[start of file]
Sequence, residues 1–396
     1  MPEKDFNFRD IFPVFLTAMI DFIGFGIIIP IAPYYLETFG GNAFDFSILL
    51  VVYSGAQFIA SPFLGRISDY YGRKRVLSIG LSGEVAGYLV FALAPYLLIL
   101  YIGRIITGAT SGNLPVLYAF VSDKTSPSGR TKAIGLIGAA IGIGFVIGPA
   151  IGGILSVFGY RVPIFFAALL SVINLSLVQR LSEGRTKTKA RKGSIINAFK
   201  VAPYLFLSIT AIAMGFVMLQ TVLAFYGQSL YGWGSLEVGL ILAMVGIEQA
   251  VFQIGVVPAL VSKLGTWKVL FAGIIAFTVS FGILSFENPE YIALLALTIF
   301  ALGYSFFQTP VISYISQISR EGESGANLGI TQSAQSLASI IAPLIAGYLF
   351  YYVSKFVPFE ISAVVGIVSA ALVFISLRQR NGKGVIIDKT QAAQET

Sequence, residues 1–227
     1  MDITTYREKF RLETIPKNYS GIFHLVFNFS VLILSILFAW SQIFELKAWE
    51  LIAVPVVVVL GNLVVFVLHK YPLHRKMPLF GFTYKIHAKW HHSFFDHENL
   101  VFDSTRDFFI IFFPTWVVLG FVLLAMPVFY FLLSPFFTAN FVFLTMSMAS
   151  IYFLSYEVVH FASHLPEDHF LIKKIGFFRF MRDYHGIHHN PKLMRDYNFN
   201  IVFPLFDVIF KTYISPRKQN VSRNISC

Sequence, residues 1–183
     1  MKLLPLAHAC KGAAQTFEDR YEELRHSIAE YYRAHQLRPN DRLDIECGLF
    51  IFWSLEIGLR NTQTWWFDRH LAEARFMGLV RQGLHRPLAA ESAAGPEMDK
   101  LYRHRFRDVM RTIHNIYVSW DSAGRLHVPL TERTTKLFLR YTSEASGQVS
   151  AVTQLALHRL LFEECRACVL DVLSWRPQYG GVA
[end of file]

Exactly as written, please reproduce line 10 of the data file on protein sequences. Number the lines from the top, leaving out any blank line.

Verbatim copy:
Sequence, residues 1–227